She took them out and hung them to dry on the clothesline, as one would normally do.
As the family went to sleep that night, the temperature dropped way below freezing. When the family slowly made their way out into the kitchen wiping the sleep from their eyes with the rooster’s crow, little Woody’s older sister sent one of the other boys to fetch the overalls while she cooked.
He brought them in frozen solid, straight as a board. He stands them in the corner taking a bit of delight in the feat.
Woody is standing there in her gray dress and says “What are we going to do, I can’t were those to school and I am sure not wearing this dress.”
She took the overalls and shirts and placed them on chairs by the fireplace and within just a short time the overalls and shirts had melted into something looking like the occupants had simply disappeared. She quickly ironed one of the shirts.
Woody could not wait to get out of the dress and as soon as the overalls were warm enough and before the iron had hit them, he was into one of the pairs and out of that dress.
While the experience might not have been so bad for little Woody if his older brothers did not see the whole thing as an opportunity for some good old fashion ribbing once they got to school.
When the Moss brothers asked the Wood boys what they had done the night before each mentioned some adventure they had but one of them had to say, “Woody didn’t do anything. He was afraid to come out of the house cause someone might see him wearing sister’s dress.”
Needless to say this was enough to get Little Woody’s blood to boiling and with a little more agitation its safe to say that clean pair of overalls picked up a little schoolyard dirt as the kidders found themselves on the receiving end of his frustration.
Good thing his sister washed both pairs of overalls or he’d been back in that dress all over again.
( From “A Mountain Pearl: Appalachian Reminiscing and Recipes” by Randall Franks)

What does it mean ?

There are many times in my life when I have searched for the reason someone that I care for becomes ill or suffers through some series of events.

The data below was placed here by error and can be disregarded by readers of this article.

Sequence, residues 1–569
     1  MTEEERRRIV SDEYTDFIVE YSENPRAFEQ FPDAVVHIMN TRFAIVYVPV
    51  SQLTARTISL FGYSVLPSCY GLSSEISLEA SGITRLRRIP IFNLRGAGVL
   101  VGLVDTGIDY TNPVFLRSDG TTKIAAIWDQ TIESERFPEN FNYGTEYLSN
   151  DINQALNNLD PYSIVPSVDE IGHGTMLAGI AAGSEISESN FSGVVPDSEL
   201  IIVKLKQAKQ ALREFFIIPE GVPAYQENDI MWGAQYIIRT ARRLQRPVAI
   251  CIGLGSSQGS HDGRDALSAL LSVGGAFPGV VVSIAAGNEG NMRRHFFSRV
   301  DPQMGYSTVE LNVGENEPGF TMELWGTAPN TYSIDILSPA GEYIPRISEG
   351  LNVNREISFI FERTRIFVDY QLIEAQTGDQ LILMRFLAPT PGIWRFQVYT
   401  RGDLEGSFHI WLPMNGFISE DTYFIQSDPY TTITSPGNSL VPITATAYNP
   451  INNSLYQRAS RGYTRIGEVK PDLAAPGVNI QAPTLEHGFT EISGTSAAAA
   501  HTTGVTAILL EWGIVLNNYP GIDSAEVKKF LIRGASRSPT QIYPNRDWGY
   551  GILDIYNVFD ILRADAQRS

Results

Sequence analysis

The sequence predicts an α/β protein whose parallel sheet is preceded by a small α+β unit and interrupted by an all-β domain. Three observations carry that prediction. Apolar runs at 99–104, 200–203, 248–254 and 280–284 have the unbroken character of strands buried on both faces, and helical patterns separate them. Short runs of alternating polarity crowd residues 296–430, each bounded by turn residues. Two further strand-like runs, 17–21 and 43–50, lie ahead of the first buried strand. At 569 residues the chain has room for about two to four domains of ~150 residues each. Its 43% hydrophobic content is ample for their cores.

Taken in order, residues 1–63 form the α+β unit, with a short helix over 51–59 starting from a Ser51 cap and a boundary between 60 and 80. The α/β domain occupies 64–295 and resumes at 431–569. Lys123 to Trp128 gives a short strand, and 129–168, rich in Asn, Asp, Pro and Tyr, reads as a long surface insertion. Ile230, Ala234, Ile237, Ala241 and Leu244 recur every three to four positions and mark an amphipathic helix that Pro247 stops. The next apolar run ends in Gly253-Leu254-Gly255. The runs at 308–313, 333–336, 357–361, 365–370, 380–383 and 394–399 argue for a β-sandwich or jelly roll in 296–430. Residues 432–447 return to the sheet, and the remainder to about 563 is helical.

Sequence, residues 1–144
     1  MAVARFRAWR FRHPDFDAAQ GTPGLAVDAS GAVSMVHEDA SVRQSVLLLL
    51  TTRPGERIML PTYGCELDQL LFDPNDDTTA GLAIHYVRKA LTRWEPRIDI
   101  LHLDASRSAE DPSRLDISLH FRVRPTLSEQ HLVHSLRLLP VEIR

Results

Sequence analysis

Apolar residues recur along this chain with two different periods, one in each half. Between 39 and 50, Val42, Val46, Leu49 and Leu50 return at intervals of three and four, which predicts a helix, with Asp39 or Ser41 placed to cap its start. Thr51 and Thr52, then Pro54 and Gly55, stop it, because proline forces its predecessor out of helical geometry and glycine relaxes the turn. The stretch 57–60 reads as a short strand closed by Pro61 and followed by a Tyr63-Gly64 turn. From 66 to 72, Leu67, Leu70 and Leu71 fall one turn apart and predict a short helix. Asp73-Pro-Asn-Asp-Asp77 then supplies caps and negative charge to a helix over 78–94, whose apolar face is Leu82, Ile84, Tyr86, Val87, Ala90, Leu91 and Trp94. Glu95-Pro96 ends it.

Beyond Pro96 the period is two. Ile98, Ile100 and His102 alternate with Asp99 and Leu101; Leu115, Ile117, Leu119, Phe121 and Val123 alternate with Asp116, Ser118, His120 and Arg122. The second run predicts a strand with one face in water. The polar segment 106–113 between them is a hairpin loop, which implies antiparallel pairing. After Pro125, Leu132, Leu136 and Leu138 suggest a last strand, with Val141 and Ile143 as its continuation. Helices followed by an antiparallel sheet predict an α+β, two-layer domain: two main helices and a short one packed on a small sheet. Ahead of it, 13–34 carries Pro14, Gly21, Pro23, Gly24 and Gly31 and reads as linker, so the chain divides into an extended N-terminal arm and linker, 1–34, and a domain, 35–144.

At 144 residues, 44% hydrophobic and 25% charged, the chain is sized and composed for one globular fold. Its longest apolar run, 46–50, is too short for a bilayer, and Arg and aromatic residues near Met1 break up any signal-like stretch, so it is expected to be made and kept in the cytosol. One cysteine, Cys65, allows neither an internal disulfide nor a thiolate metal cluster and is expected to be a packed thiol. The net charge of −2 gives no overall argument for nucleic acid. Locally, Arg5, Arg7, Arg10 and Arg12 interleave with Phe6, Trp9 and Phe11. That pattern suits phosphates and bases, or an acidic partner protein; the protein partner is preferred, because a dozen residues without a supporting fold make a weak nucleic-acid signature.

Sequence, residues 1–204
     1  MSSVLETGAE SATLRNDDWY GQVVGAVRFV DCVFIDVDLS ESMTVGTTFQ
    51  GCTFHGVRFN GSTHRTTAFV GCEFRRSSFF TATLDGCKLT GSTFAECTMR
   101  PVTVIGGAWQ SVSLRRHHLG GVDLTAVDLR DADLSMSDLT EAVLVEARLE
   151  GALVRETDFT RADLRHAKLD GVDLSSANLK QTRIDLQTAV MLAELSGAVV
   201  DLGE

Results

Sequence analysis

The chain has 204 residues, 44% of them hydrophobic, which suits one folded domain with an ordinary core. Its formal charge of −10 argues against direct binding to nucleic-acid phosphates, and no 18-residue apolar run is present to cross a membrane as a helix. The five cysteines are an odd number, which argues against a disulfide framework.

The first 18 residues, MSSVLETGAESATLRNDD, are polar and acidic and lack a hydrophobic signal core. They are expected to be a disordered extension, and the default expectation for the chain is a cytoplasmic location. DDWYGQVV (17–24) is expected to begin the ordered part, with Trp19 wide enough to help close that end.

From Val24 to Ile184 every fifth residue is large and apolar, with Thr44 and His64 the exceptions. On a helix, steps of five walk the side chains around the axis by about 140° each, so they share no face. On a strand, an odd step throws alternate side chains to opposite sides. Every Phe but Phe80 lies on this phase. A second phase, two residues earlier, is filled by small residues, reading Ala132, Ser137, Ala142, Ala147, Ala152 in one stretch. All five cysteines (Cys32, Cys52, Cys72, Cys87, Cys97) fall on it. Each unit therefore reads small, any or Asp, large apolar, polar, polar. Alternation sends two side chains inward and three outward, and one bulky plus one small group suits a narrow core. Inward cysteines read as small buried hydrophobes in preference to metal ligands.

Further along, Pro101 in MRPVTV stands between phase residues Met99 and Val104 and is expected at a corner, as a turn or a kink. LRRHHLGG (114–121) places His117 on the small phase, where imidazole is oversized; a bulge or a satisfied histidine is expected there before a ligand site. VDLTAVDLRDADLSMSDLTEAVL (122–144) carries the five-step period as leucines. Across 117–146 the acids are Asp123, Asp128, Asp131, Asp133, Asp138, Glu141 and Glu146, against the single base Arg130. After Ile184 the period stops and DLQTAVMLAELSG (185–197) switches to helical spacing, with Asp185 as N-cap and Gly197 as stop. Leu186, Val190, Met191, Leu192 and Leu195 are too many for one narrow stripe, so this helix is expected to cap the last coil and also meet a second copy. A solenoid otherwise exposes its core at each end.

I have sat by the bedside looking at tubes connected to someone’s body; and watched people struggle to find a new normal while coming back from a change in health.

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The amazing sanctuary of a library

My fascination with taking my fingers and flipping through the pages of a book began early in my life.
Beginning with the children’s books read by my mother, I soon found myself carried into other worlds created by the minds of authors. Once I started school, I soon spent any free time in the school library combing through the books looking for topics which were of interest. One of my early favorites was a biography of World War I hero Alvin C. York giving me a lifelong hero that still remains.
The comfort of the room, the quietness, the calm, and being surrounded by shelves of books began a fascination with these environs. Once I was old enough, I began volunteering my time, learning the inner workings of the library. Understanding the Dewey decimal system and the old-fashioned card catalog file system. I found I enjoyed reshelving books and often I found another topic that fascinated me.  Also gaining an operational knowledge of all the audio-visual equipment that we had.
Mrs. Dantzler was my elementary librarian and she became an amazing encourager in my early life. As I rose to high school, the library continued to be a sanctuary. A greater level of books surrounded me and I once again became part of the volunteer library assistants. The librarians again became great influencers and the room provided a sanctuary from the social dynamics of high school.
Though I have not reached the dream – I always wanted to have a library room in my home filled with books that I have collected. I realized one day; it is not likely that I will reach that dream but even today holding my library card is special to me each time I walk into that building. It makes me feel comfortable as I did as a youth when I look around the many shelves of books.
There is nothing like holding a book between your two hands, while you step inside through your eyes to a new world that its words create. It’s like dreaming awake.
As so many now find their passageway through a book reader or computer, I still feel the printed book is the greatest source of this style of entertainment and I hope we never see the disappearance of the printed book.